Part I: Lana Dee Povitz, Stirrings, How Activist New Yorkers Ignited a Movement for Food Justice
In the last three decades of the twentieth century, government cutbacks, stagnating wages, AIDS, and gentrification pushed ever more people into poverty, and hunger reached levels unseen since the Depression. In response, New Yorkers set the stage for a nationwide food justice movement. Whether organizing school lunch campaigns, establishing food co-ops, or lobbying city officials, citizen-activists made food a political issue, uniting communities across lines of difference. The charismatic, usually female leaders of these efforts were often products of earlier movements: American communism, civil rights activism, feminism, even Eastern mysticism. Situating food justice within these rich lineages, Lana Dee Povitz demonstrates how grassroots activism continued to thrive, even as it was transformed by unrelenting erosion of the country’s already fragile social safety net. Using dozens of new oral histories and archives, Povitz reveals the colorful characters who worked behind the scenes to build and sustain the movement, and illuminates how people worked together to overturn hierarchies rooted in class and race, reorienting the history of food activism as a community-based response to austerity. The first book-length history of food activism in a major American city, Stirrings highlights the emotional, intimate, and interpersonal aspects of social movement culture. Lana Dee Povitz is visiting assistant professor of history at Middlebury College.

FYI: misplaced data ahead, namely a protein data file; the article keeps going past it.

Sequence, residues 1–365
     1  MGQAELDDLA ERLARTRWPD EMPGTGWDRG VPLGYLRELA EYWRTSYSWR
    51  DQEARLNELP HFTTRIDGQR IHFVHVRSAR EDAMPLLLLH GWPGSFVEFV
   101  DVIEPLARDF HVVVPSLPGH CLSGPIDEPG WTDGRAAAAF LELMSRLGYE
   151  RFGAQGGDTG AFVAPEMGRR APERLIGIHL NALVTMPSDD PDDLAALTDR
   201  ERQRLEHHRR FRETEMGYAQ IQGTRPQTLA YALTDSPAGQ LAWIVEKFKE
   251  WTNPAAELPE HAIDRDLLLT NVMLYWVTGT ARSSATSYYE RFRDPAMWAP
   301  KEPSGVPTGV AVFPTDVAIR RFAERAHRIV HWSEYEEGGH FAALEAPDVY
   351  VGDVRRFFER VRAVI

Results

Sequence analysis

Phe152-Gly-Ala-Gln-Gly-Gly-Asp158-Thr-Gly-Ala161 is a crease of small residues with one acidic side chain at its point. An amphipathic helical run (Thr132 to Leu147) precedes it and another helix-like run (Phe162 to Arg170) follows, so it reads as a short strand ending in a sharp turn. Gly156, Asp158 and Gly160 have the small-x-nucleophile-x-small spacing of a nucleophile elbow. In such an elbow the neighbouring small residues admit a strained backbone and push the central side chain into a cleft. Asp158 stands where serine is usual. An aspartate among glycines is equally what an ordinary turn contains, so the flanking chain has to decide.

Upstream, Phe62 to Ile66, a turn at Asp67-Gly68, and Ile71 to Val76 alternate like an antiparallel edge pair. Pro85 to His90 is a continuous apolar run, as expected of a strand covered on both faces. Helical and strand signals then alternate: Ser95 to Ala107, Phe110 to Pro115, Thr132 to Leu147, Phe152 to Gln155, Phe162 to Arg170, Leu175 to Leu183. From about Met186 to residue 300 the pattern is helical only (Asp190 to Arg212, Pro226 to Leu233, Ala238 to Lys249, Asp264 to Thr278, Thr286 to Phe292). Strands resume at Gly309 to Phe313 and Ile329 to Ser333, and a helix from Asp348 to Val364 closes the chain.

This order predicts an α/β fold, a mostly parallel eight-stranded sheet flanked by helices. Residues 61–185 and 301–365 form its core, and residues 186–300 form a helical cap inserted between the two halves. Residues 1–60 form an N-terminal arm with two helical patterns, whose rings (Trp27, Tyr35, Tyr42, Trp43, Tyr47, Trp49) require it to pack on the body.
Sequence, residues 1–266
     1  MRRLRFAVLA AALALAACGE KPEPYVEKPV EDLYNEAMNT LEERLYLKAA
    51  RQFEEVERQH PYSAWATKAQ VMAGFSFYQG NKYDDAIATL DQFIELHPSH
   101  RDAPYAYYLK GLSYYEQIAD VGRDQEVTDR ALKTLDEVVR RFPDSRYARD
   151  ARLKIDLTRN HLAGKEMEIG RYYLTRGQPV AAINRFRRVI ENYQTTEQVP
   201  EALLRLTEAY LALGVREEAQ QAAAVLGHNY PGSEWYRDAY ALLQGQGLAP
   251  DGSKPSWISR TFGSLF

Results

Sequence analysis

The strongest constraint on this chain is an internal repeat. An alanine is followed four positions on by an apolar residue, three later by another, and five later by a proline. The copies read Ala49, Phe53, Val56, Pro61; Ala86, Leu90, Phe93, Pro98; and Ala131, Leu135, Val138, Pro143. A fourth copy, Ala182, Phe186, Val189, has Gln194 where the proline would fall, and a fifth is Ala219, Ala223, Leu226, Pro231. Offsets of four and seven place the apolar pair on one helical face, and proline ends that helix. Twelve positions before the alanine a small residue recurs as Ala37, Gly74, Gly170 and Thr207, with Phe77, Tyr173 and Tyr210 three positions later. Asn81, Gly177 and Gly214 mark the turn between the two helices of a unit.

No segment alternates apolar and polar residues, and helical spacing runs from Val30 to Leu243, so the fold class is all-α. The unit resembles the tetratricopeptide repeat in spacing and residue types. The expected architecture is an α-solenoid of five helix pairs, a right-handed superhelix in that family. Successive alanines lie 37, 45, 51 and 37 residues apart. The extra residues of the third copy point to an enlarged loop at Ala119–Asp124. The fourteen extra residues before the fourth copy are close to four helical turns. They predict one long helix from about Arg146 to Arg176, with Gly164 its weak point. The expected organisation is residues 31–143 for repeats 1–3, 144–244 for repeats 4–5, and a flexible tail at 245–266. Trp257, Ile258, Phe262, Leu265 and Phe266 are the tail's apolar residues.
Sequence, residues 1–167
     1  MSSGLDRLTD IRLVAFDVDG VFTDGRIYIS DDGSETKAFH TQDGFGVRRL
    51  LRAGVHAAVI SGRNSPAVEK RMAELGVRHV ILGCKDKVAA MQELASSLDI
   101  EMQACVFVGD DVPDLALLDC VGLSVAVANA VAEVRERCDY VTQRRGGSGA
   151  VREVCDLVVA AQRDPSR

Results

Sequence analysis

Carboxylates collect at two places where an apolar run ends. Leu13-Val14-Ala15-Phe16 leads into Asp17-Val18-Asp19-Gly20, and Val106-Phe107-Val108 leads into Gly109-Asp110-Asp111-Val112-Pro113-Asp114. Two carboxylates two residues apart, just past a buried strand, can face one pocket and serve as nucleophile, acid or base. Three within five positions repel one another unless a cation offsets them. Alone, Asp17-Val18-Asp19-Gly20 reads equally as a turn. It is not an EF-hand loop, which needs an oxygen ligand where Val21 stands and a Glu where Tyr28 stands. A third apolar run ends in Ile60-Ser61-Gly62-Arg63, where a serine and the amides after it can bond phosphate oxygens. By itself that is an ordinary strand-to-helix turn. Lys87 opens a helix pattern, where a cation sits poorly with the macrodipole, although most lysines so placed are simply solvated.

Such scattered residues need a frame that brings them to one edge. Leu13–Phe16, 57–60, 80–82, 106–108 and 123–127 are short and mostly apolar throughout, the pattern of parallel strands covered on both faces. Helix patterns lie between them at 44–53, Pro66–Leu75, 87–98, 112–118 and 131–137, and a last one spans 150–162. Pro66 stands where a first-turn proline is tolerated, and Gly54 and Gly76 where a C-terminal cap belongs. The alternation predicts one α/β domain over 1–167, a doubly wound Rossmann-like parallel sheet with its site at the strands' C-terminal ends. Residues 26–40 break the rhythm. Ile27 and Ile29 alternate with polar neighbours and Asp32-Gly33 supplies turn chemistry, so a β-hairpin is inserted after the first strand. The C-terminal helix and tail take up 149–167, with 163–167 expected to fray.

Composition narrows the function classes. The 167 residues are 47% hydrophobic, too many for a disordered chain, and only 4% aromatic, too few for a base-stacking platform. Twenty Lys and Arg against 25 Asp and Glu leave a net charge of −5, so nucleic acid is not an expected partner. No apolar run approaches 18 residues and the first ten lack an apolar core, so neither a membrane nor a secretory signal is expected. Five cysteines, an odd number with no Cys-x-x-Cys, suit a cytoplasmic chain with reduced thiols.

Part II: Bettina Elias Siegel, Kid Food, The Challenge of Feeding Children in a Highly Processed World
Bettina Elias Siegel is a nationally recognized writer and advocate on issues relating to children and food policy. Her reporting and opinion pieces have appeared in the New York Times, the Guardian, the Houston Chronicle, and Civil Eats, as well as her own widely read blog, The Lunch Tray. She frequently appears or is quoted in national media, including Today, ABC World News Tonight, NBC Nightly News, NPR, The Doctors, the Washington Post, The New Yorker, and Parents. In 2015, Family Circle named Siegel one of the country’s “20 Most Influential Moms,” and she is one of the most successful petitioners in Change.org’s history. A graduate of Yale College and Harvard Law School, Siegel lives in Houston with her husband and two children.